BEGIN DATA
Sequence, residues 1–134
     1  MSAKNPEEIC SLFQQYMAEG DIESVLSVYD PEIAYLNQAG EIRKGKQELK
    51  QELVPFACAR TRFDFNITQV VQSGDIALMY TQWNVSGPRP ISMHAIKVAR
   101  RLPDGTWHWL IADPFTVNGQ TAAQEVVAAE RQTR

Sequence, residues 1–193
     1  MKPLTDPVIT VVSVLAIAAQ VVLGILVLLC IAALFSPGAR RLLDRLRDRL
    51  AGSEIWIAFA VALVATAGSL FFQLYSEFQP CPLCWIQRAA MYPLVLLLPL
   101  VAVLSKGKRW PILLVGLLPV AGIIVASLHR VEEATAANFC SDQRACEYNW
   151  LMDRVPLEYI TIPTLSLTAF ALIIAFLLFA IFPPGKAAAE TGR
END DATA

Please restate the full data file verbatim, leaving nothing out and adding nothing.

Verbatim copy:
Sequence, residues 1–134
     1  MSAKNPEEIC SLFQQYMAEG DIESVLSVYD PEIAYLNQAG EIRKGKQELK
    51  QELVPFACAR TRFDFNITQV VQSGDIALMY TQWNVSGPRP ISMHAIKVAR
   101  RLPDGTWHWL IADPFTVNGQ TAAQEVVAAE RQTR

Sequence, residues 1–193
     1  MKPLTDPVIT VVSVLAIAAQ VVLGILVLLC IAALFSPGAR RLLDRLRDRL
    51  AGSEIWIAFA VALVATAGSL FFQLYSEFQP CPLCWIQRAA MYPLVLLLPL
   101  VAVLSKGKRW PILLVGLLPV AGIIVASLHR VEEATAANFC SDQRACEYNW
   151  LMDRVPLEYI TIPTLSLTAF ALIIAFLLFA IFPPGKAAAE TGR